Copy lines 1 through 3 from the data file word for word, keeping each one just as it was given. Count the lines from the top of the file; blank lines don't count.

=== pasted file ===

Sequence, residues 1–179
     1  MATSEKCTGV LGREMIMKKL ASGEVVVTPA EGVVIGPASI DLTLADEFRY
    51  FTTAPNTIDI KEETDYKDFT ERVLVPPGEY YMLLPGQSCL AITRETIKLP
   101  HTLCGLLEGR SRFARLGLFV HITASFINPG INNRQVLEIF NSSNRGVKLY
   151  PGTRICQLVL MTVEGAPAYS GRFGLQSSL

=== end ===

Sequence, residues 1–179
     1  MATSEKCTGV LGREMIMKKL ASGEVVVTPA EGVVIGPASI DLTLADEFRY
    51  FTTAPNTIDI KEETDYKDFT ERVLVPPGEY YMLLPGQSCL AITRETIKLP